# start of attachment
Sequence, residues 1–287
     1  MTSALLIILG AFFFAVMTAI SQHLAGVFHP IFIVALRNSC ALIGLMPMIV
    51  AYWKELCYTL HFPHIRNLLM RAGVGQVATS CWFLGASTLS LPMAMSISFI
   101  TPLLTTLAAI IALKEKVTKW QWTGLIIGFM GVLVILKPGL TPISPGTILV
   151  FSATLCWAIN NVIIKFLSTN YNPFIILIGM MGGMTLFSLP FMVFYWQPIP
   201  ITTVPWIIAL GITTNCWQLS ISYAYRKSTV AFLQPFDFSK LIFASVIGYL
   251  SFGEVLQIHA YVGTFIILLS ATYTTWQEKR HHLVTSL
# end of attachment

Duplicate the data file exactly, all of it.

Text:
Sequence, residues 1–287
     1  MTSALLIILG AFFFAVMTAI SQHLAGVFHP IFIVALRNSC ALIGLMPMIV
    51  AYWKELCYTL HFPHIRNLLM RAGVGQVATS CWFLGASTLS LPMAMSISFI
   101  TPLLTTLAAI IALKEKVTKW QWTGLIIGFM GVLVILKPGL TPISPGTILV
   151  FSATLCWAIN NVIIKFLSTN YNPFIILIGM MGGMTLFSLP FMVFYWQPIP
   201  ITTVPWIIAL GITTNCWQLS ISYAYRKSTV AFLQPFDFSK LIFASVIGYL
   251  SFGEVLQIHA YVGTFIILLS ATYTTWQEKR HHLVTSL